This past summer, a team of interns, working with the Bowman Creek Educational Ecosystem (BCe2), a program under the Center for Civic Innovation (CCI) at the University of Notre Dame, investigated low-cost solutions to minimizing exposure to lead in these older homes. The project was advised by Gary Gilot, assistant director of the CCI and former director of public works for the city of South Bend. This particular project fits within the broader efforts of the Lead Innovation Team (LIT), an interdisciplinary group of researchers at Notre Dame focused on multiple aspects of the lead problem.  

Left: University of Notre Dame Center for Civic Innovation intern testing soil for lead in the Southeast Neighborhood of South Bend. Courtesy of the University of Notre Dame.

Stefania Di Mauro-Nava: What motivated the city and university to address this challenge? What other projects have the Lead Innovation Team taken on?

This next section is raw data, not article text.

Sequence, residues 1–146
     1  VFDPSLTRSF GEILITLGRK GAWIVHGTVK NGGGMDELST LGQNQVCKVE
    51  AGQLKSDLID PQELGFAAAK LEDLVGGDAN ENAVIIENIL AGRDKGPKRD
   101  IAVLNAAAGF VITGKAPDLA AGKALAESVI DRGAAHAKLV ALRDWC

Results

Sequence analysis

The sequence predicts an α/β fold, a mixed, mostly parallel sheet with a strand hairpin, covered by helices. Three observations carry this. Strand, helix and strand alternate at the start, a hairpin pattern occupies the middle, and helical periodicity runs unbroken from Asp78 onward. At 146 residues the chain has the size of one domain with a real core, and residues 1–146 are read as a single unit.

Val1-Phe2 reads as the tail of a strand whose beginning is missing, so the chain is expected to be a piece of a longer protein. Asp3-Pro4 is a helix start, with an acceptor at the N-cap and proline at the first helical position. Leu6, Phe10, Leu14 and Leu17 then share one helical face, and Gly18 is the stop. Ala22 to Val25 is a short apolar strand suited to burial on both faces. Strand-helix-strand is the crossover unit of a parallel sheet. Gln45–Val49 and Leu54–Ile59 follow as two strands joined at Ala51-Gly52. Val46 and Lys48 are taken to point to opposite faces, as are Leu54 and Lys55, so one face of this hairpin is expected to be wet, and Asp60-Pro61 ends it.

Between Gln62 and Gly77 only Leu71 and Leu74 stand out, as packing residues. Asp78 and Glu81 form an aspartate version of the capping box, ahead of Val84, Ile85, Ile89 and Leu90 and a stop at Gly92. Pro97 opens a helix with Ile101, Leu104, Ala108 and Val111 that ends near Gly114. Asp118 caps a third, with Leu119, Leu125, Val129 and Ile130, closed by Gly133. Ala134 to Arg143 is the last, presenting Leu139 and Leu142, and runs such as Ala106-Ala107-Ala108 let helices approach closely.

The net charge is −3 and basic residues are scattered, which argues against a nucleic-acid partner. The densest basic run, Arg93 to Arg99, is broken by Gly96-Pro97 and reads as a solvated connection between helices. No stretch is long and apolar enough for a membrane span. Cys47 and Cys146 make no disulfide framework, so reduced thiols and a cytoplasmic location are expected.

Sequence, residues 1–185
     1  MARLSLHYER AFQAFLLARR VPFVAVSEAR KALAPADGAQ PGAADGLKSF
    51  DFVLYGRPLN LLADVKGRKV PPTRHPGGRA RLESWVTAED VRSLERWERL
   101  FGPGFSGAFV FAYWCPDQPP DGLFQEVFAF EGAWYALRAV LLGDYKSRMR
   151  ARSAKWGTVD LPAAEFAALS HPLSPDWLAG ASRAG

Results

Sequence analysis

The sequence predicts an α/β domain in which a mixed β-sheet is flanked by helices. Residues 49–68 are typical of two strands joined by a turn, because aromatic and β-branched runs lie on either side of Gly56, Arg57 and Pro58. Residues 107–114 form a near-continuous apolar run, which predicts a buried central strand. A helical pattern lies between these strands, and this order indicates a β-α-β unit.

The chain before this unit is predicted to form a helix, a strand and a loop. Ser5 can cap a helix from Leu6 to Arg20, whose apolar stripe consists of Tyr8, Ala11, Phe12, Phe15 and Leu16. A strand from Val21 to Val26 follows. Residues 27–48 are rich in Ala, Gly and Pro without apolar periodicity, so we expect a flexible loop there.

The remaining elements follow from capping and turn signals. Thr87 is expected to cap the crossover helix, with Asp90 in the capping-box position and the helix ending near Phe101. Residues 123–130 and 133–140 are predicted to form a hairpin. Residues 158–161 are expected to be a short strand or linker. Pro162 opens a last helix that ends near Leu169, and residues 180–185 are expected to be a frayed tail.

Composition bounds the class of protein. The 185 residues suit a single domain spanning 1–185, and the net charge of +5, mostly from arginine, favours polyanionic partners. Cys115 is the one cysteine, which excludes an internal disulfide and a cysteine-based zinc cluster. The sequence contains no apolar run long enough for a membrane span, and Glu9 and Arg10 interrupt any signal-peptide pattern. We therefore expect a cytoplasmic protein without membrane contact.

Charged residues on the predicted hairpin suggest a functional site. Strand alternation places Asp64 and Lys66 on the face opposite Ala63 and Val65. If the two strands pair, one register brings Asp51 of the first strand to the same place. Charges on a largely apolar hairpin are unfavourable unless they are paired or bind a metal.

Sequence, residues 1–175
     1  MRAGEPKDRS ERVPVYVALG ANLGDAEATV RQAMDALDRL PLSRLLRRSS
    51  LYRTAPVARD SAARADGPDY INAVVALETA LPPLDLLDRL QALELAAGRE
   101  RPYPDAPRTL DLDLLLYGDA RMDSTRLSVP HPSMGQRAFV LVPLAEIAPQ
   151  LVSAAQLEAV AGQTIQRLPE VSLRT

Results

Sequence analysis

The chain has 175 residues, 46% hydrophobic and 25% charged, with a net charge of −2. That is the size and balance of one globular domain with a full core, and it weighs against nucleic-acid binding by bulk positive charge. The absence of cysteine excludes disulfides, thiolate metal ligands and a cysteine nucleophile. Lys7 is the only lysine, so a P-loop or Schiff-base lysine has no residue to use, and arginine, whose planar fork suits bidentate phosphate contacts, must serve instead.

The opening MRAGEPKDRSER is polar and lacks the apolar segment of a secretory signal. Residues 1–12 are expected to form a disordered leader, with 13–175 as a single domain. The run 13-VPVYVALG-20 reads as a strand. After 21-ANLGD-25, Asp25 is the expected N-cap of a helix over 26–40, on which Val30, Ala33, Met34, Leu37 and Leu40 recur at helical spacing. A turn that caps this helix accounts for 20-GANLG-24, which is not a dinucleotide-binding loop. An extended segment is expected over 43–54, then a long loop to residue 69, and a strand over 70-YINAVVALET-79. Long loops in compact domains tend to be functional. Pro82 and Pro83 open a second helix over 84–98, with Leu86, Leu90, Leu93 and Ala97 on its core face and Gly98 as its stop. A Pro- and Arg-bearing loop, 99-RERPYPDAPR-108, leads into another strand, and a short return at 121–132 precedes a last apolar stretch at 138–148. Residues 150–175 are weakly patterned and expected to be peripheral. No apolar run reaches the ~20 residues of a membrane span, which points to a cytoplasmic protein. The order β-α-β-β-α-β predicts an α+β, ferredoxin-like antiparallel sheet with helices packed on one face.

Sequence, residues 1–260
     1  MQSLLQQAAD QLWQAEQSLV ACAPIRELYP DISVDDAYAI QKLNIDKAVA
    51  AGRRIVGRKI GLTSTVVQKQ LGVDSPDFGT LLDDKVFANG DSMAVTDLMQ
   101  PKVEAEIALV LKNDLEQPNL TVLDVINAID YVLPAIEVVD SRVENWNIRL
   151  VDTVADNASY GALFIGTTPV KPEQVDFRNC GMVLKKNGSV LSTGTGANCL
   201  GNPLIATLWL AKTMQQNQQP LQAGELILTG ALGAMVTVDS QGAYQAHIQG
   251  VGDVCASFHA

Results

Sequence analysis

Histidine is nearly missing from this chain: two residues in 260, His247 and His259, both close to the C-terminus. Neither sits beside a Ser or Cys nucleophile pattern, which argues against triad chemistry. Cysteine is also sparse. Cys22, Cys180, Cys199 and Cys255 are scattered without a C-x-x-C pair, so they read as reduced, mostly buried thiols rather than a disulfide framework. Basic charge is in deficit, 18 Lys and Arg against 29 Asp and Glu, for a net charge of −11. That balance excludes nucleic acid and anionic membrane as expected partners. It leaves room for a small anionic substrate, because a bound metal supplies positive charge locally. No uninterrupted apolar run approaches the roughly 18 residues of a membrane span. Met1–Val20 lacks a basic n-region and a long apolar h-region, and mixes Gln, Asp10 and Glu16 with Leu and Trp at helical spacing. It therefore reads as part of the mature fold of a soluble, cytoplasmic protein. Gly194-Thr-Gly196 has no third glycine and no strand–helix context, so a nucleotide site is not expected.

Heidi Beidinger: In December 2016, Reuters News published a stunning article about the extensive lead poisoning issue in the U.S. The article shined a spotlight on one South Bend neighborhood in particular, stating this neighborhood was experiencing an immediate lead poisoning public health crisis among our youngest and most vulnerable children. According to the report, this neighborhood (census tract 6) had the highest elevated blood lead levels; 31 percent of children tested from 2005 to 2015 had elevated levels. This was more than six times Flint, Mich.’s rate of elevated blood lead levels from the previous year.